Student Well-Being

‘Super Lice’ Shouldn’t Keep Students Out of School, Experts Say

By Evie Blad — September 04, 2015 4 min read
Charlotte Moore, 2, of Crestwood, Mo., is screened by Libby Lutz at Lice Busters, a professional head lice removal company, last week in Richmond Heights, Mo. A new strain of lice resistant to most treatments is causing worries as kids return to school.

Recent headlines about the discovery of head lice that are resistant to over-the-counter treatments have stirred up fears in many parents that the tedious task of ridding their children’s hair of the tiny pests may now be even more difficult.

Perhaps intensifying their concerns, many news media outlets have dubbed the new strain of insects “super lice,” conjuring up visions of biblical plagues.

At the same time, on the recommendations of organizations like the American Academy of Pediatrics, many school districts have been abandoning their so-called “no-nit” policies in recent years, keeping children in class even if lice or their eggs, known as “nits,” are discovered in their hair and urging parents to treat them when they return home from school. Districts have also shifted away from mass screenings for lice, opting to educate parents on checking their children’s scalps instead.

New strains of lice aren’t a reason to return to old policies, which often led to long absences for some students as their families treated the condition, said Beth Mattey, a school nurse in Wilmington, Del., and the president of the National Association of School Nurses, an organization that has advocated ending no-nit policies.

“We always get pushback from that,” she said. “But the evidence shows that no-nit policies are not necessary, that they keep kids out of school unnecessarily. That’s what we keep trying to get across to parents.”

‘Super Lice’

The infestation of super lice stories started when researchers presented findings at an August meeting of the American Chemistry Society that in at least half the states, the dreaded insects that feed on blood from the human scalp have developed resistance to over-the-counter treatments that doctors and schools frequently recommend.

After testing samples of lice collected by public-health workers in 30 states, Southern Illinois University Edwardsville researcher Kyong Yoon concluded that 25 states have some lice strains that are resistant to the treatments. That’s because they have a combination of genetic mutations that allow their nervous systems to withstand exposure to permethrin, the active ingredient in many head-lice treatments sold in drug stores.

Lice with the mutations can still be eliminated with prescription medications, which contain a different active ingredient, and with the use of special combs, Yoon said at a press conference last month in Boston.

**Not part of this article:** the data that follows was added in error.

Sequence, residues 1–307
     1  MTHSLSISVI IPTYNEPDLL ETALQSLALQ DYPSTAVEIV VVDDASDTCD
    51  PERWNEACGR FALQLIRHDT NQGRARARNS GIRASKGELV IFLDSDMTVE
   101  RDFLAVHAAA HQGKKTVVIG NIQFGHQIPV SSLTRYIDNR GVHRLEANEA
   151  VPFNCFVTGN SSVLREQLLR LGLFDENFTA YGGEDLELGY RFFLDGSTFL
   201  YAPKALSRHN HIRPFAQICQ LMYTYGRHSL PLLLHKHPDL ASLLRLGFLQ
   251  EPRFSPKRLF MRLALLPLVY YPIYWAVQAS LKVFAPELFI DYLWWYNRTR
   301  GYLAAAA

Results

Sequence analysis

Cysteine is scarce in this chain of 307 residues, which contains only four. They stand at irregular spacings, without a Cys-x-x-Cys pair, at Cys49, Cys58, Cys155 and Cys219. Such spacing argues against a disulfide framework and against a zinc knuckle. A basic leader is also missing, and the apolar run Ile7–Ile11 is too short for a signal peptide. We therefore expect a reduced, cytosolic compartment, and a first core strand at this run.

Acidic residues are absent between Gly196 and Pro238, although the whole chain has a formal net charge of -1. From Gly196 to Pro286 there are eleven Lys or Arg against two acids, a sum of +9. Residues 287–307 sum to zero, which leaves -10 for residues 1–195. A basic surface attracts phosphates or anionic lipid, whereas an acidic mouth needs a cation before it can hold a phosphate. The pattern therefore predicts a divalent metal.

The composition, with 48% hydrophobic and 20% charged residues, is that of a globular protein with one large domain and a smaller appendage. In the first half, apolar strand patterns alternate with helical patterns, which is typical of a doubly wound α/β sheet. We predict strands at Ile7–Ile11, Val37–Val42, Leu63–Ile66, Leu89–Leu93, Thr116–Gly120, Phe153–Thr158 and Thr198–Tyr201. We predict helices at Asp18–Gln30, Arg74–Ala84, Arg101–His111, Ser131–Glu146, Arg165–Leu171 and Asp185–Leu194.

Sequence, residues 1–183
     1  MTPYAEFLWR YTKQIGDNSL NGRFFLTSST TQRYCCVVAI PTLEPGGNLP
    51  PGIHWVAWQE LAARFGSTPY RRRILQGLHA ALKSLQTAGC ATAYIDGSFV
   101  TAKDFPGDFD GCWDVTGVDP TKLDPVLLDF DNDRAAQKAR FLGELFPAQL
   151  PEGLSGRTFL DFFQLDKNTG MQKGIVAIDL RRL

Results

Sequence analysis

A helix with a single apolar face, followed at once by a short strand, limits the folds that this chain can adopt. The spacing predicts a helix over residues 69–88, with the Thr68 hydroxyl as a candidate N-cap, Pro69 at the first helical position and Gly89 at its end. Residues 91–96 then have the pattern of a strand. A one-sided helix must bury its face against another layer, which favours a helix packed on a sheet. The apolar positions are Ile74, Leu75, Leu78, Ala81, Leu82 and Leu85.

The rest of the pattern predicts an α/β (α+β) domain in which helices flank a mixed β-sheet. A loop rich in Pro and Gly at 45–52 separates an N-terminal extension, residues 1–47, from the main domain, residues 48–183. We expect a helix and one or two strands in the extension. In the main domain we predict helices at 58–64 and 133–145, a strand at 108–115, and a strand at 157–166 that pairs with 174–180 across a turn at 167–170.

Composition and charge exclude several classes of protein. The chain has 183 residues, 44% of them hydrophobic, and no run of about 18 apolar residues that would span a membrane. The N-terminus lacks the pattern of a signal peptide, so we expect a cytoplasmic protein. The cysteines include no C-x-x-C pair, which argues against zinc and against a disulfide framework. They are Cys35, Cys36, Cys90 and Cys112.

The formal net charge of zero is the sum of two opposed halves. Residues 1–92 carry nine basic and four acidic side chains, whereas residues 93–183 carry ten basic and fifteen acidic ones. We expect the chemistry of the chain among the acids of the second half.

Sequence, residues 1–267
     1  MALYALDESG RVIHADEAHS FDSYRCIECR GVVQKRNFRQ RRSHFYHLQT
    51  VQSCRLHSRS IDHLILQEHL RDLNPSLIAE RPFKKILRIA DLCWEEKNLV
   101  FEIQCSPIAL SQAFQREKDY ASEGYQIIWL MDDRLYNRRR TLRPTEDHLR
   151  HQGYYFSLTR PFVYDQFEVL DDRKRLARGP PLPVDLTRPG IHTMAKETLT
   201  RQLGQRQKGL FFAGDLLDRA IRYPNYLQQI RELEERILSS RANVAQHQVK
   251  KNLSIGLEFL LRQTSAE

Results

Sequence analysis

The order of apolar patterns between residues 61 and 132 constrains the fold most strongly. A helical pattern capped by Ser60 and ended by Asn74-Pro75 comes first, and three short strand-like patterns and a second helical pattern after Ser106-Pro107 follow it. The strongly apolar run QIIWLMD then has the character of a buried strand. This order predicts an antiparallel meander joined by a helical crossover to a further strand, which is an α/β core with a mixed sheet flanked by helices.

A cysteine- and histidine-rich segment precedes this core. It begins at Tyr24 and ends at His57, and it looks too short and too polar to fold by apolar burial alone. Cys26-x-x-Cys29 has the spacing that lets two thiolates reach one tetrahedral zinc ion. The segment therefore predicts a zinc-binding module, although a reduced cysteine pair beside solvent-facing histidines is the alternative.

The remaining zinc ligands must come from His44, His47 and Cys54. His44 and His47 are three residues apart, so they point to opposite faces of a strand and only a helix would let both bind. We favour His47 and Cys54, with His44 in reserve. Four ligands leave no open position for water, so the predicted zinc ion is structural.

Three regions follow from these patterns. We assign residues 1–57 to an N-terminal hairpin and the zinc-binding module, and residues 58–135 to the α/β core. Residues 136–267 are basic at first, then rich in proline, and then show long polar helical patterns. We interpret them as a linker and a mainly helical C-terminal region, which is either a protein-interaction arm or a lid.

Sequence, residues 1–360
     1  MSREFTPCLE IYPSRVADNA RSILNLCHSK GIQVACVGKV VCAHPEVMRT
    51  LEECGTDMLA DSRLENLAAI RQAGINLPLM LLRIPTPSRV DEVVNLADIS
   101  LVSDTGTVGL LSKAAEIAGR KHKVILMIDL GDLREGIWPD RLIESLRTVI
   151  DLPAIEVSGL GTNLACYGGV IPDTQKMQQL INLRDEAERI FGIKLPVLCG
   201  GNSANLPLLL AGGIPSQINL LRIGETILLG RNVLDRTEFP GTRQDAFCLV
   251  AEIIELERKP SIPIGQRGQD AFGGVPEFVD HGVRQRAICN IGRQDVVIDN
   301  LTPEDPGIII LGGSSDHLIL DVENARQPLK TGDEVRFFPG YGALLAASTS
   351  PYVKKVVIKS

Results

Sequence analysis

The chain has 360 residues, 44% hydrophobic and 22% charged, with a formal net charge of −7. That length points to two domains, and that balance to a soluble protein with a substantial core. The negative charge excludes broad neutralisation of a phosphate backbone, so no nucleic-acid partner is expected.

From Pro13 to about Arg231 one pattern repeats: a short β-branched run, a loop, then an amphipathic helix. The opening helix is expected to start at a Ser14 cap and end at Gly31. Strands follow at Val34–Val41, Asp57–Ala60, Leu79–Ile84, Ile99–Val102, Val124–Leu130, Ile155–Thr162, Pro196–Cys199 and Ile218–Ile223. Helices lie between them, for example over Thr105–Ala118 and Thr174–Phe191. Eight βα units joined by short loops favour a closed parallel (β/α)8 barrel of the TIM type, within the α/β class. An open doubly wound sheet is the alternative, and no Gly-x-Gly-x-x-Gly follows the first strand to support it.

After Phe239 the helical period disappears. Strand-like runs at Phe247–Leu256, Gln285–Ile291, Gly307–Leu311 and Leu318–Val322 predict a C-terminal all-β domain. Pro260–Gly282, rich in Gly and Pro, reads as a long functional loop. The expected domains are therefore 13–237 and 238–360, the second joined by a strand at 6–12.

While Yoon’s research provides greater insights into the scope of the problem, doctors around the country have been aware of resistant lice populations in their areas for years; the first discovery of the mutation in the United States happened in 2000, Yoon said. So chances are good that some parents who are fretting about super lice have already dealt with them.

Mattey recommends that parents consult with a pediatrician to determine the best course of treatment.

“We have things to treat it,” she said. “It may be a concern in your community, but we can take care of that.”

Nuisance, Not Health Concern

Whether discussing super lice or those without the mutations, some parents have criticized districts’ decisions to change their approaches to dealing with the pests in recent years.

The school board in Wilson County, N.C., recently voted down a proposal to keep students in class after lice are discovered, citing parent concerns that young children work in close proximity to each other and often sit three-to-a-seat on school buses, increasing the likelihood of transmission.

But school health experts say concerns about transmission at school are often based on myths.

Although lice are a nuisance, they don’t spread disease, the American Academy of Pediatrics noted in revised treatment guidelines released in May. Lice can’t jump or fly, and they are unlikely to leave a healthy scalp to make their home on another child’s head except in cases of heavy infestations, those guidelines say.

“Because a child with an active head-lice infestation likely has had the infestation for one month or more by the time it is discovered and poses little risk to others from the infestation, he or she should remain in class but be discouraged from close direct head contact with others,” the organization said in an updated position paper released in 2010.

The position paper recommends that school officials notify parents if lice are discovered so they can be quickly treated, and that children should not be restricted from returning to the classroom during those treatments, which can go on for days or even weeks.

And policies that keep students out of class until their heads are free of all lice eggs should also be abandoned, the organization said. That’s because nits are often misidentified in screenings and because the presence of nits is not necessarily a sign that insects are actively living on a child’s scalp.

Mattey said the school nurses association has worked to acknowledge parents’ concerns while also educating them that lice are not any more likely to be spread at schools than in any other environment.

“We want to be very proactive” she said, “and educate people.”

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A version of this article appeared in the September 09, 2015 edition of Education Week as Even With ‘Super Lice,’ Students Ought to Be In Class, Experts Say

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